While in the Church, it is important to have the children stand at certain points in the Liturgy like the Gospel, the Anaphora, and during Communion. Have them cross themselves when they hear the words “Father, Son, and Holy Spirit”. Instead of talking out loud, encourage them to sing the responses with the choir! Remember what we hear in Scripture: “Train up a child in the way he should go, and when he is old, he will not depart from it!”
Toys in the Church
Try as we might to keep their focus on the Liturgy and the Icons, there are sometimes when the situation calls for younger children to need a distraction. Some toys and books are ok to have in the Church for the little ones, but they should be limited to books and toys that are “quiet toys”. There are a number of great Orthodox children’s books available in our bookstore, as well as on places like the Ancient Faith Online Bookstore (store.ancientfaith.com)
Food and Fasting
Even though we have a lot of “little hungry tummies”, food and drink should generally not be in the sanctuary of the Church. The exception of course is for babies and toddlers! If one of our little ones needs a small snack during Church, it is ok to take them down into the hall or outside in the vestibule. Generally, as children are preparing for their first confession (around 8 years old) they should also be learning to fast before communion like their mom and dad!
Home as a Little Church!
While all of these reminders are important, I saved the most important one for last. Our children are not going to learn how to pray and worship the Living God by just doing so for two hours on a Sunday morning. It is imperative that they receive this instruction at home as well!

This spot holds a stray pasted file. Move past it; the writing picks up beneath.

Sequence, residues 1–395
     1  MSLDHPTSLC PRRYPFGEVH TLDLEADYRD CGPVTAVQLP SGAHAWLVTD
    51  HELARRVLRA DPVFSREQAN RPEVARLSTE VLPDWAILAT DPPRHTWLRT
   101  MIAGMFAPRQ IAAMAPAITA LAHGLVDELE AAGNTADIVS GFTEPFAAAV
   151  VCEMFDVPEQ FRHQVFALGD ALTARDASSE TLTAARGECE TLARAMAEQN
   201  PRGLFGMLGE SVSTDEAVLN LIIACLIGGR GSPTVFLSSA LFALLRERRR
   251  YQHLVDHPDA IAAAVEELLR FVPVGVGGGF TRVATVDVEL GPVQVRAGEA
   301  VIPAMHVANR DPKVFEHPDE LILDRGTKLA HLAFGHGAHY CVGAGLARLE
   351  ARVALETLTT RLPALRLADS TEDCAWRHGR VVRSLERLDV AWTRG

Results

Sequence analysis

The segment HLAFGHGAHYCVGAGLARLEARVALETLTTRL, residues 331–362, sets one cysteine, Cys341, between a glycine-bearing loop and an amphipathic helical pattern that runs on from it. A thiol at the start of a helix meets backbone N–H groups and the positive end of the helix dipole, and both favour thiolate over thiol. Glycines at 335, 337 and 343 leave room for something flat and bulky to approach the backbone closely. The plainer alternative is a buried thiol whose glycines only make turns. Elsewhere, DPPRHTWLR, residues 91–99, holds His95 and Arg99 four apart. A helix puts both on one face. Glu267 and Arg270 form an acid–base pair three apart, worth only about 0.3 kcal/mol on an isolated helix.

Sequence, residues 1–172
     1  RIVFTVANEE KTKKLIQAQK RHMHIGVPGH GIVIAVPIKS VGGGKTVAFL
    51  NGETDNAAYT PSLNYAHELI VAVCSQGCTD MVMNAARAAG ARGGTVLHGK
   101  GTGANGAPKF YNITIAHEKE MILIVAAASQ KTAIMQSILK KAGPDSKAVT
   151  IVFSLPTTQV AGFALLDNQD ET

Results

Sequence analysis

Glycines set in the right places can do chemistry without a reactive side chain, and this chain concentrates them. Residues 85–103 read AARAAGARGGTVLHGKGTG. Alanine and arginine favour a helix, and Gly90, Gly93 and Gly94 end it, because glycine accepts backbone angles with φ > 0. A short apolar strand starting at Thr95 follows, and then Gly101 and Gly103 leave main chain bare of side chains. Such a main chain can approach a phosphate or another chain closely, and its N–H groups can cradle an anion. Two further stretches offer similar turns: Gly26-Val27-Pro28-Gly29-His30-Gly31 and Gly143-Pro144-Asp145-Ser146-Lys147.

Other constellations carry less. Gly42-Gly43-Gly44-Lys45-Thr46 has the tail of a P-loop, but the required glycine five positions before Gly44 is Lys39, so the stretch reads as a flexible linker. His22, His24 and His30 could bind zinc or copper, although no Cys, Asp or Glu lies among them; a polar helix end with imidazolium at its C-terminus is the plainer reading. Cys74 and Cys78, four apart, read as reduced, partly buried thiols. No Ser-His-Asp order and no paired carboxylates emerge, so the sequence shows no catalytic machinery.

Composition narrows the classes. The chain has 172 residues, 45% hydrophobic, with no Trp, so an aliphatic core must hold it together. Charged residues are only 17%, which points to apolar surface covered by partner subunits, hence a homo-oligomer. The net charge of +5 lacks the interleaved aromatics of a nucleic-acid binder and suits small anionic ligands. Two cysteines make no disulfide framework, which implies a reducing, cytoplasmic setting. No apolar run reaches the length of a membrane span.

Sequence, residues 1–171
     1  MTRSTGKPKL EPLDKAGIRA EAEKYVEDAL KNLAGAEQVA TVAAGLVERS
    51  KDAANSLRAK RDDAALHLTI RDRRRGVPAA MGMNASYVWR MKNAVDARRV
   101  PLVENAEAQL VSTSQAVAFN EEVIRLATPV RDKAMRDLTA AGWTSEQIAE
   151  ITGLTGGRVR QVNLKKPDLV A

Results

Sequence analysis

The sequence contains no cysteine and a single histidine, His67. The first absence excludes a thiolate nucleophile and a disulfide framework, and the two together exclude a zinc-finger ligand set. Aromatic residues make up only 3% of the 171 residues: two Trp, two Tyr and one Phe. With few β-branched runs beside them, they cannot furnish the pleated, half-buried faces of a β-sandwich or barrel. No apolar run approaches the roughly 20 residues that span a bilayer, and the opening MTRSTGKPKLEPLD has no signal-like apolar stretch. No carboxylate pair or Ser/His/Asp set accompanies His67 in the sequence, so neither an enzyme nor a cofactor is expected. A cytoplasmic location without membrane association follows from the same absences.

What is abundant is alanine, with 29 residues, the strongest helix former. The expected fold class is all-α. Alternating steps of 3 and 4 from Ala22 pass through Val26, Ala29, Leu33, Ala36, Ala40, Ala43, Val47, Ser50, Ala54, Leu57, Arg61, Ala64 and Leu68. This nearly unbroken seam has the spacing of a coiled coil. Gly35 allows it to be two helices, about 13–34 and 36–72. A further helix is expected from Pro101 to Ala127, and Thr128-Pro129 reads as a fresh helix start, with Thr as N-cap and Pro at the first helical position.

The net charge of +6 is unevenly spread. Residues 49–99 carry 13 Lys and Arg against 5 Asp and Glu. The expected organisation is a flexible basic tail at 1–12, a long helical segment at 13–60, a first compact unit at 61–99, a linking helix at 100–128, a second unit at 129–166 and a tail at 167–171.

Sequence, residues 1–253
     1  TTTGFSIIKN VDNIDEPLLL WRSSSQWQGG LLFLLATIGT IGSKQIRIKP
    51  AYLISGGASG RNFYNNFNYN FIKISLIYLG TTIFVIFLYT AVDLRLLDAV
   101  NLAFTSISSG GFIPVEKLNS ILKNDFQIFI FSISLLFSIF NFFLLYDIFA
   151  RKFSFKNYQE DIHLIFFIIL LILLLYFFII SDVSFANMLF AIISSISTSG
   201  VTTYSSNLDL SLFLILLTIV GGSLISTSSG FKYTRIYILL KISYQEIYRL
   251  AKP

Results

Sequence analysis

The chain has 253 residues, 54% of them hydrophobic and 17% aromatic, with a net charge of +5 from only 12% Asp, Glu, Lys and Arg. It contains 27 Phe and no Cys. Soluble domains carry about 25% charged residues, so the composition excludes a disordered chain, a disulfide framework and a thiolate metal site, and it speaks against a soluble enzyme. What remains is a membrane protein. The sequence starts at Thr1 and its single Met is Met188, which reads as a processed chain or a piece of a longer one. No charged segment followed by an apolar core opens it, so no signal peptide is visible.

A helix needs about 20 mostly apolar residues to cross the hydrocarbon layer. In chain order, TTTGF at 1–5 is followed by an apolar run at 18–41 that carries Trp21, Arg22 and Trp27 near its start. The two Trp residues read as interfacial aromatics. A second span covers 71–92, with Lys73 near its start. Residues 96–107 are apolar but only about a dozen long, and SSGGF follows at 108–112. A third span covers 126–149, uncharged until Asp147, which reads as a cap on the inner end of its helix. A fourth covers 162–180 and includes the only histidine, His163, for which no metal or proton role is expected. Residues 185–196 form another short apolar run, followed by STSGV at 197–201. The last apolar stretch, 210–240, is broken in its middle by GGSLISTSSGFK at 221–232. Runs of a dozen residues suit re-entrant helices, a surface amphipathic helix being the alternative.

Every night before bed, light a candle in front of an icon, turn out the lights, and say the Trisagion Prayers and the Our Father together as a family. If the children are a bit antsy because this is a new routine, pick them up and try to focus their attention on the icon. The more consistent you are with these practices, the easier it will get at home, and the better your children will be at experiencing the Divine Liturgy on Sundays!
A Prayer for Children
May our Lord and Savior Jesus Christ, Who loves mankind and art a most merciful and compassionate God, have mercy upon all of the children of St. Mary Magdalene parish for whom we humbly pray to You. Protect and care for them. Be their guide and guardian in all their endeavors. Lead them in the path of Thy truth, and draw them nearer to you, so that they may lead a godly and righteous life in Thy love, as they do Thy will in all things. Give them Thy Grace and mercy so that they may be patient, hard working, tireless, devout, and charitable. Defend them against the assaults of the enemy, and grant them wisdom and strength to resist all temptation and corruption, directing them in the way of Salvation. For Thou art a merciful God Who loves mankind, and unto Thee do we offer Glory, to the Father, and the Son, and the Holy Spirit, now and ever and unto ages of ages, Amen.